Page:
Went through a similar situation. She was the one who always had to initiate in a previous relationship which eventually became essentially platonic. Since I tend to initiate, she stopped altogether. After a while I said "hey, what gives?" Talked it over. We are not our exes sort of thing. She had come to this mindset that if she had to initiate, she wasn't wanted. I simply asked, "and so putting me through the same thing you went through is meant to be helpful?" Kind of a lightbulb moment.


I'm in mom and survival mode. Biology has turned off my s** drive for safety like low battery mode.


Dude. I feel this. I’ve been married for 9 years. Five of them I’ve had to initiate (beg). Four of them have been sexless with multiple conversations and therapy. There’s a lot of discomfort with this topic. Don’t have any answers. Just want you to know you’re not alone.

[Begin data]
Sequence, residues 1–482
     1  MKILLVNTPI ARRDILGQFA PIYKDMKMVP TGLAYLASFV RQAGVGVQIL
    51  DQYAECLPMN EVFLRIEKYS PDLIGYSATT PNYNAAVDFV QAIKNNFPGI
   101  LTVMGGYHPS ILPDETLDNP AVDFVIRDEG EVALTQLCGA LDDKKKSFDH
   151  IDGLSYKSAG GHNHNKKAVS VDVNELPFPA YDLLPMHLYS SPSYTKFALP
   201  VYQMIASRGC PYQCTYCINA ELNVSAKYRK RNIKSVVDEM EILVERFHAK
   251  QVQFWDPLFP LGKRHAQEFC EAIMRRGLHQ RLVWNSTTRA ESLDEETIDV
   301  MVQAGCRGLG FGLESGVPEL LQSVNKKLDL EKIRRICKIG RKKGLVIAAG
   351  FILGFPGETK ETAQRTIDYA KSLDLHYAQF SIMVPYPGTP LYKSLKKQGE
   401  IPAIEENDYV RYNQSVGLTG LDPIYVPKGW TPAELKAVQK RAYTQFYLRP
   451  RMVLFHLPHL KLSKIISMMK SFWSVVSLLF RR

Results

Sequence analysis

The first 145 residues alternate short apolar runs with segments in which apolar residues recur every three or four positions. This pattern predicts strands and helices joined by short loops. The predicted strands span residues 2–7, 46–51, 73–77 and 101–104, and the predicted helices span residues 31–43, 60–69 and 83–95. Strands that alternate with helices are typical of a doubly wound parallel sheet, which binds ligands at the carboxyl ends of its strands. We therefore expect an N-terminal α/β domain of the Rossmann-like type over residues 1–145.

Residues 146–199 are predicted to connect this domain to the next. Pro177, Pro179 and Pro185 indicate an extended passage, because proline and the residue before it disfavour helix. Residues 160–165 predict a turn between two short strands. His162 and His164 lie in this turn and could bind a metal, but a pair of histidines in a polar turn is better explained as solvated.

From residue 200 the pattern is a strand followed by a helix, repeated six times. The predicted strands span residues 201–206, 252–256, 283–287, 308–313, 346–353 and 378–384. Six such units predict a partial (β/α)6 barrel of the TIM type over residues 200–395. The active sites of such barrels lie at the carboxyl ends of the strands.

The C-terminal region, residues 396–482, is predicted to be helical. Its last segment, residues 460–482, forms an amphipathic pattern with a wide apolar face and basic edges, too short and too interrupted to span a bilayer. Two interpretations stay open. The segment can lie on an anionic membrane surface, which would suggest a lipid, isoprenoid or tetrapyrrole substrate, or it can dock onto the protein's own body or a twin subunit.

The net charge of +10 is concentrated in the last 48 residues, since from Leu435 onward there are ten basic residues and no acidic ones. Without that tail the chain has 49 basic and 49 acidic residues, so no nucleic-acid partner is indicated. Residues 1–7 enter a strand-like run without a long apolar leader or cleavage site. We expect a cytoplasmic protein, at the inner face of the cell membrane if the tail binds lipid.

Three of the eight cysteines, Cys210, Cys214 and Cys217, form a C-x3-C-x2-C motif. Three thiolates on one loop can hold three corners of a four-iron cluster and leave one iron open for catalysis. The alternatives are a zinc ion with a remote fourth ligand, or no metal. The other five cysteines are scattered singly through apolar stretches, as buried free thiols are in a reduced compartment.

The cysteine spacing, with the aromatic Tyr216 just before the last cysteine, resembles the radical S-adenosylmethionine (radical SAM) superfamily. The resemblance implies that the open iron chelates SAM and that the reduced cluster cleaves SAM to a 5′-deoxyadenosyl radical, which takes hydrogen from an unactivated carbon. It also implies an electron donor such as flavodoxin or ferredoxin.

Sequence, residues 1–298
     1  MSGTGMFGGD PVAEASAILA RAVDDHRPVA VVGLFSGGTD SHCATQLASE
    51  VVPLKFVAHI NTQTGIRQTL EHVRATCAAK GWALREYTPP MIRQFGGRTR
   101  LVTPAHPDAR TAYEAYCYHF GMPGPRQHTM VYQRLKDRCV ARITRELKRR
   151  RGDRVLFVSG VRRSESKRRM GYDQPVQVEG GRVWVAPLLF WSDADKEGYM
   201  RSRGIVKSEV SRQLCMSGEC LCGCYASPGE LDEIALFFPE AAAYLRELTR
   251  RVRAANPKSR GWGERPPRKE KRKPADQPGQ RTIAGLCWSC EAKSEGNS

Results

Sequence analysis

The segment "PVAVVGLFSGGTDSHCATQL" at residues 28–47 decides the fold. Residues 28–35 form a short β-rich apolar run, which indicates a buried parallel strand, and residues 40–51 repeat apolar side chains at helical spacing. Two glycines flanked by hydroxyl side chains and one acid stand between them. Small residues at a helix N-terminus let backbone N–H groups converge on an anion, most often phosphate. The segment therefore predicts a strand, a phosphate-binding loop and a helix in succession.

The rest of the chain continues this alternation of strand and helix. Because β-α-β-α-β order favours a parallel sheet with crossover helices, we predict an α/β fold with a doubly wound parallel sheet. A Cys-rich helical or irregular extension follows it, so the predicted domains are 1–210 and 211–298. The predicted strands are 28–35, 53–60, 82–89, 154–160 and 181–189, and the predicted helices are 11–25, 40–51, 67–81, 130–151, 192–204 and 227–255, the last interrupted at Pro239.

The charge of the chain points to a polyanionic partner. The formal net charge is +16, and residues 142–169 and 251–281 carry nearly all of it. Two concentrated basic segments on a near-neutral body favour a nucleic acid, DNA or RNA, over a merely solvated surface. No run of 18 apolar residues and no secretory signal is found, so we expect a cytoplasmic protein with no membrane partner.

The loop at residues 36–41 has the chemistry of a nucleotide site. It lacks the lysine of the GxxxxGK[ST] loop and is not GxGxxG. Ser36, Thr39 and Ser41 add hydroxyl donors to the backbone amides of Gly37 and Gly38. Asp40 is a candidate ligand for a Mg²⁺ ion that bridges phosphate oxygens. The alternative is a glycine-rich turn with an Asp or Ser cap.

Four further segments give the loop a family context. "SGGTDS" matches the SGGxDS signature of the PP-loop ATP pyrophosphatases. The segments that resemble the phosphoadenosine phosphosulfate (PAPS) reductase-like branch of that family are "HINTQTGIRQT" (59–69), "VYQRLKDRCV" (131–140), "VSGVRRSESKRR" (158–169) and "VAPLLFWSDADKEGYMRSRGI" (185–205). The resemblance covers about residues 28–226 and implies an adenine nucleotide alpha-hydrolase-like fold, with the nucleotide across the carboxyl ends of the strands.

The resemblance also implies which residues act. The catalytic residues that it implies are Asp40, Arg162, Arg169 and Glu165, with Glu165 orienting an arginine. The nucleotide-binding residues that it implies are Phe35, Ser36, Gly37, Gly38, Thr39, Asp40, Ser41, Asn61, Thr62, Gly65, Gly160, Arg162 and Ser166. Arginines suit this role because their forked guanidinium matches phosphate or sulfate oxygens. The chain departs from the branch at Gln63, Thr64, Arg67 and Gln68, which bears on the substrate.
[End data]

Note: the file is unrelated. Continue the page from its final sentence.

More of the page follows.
@OP She may be going through hormonal changes. This affects not only one physically, but mentally. I personally suffer from chronic pain, and that plus the meds have done a doozy on me. I can only suggest you work together - through sickness and in health; til death do you part.


It doesn't only apply to s** or marriage either. I got really tired of initiating contact with friends, so tried an experiment where I just...stopped. Years later, and I still haven't heard from them. 'Relationship' is a two-way street.


Talk it out together. Lots of great positive advice here. I will say that when my kids were little, I was so tired all the time from being available 24/7. Physical intimacy was just another thing being asked of me when all I wanted to do was sleep and have some time alone. If I even hugged my husband, he saw it as a green light. It was a tough time for us both. We found a way through with understanding. Hopefully you can too!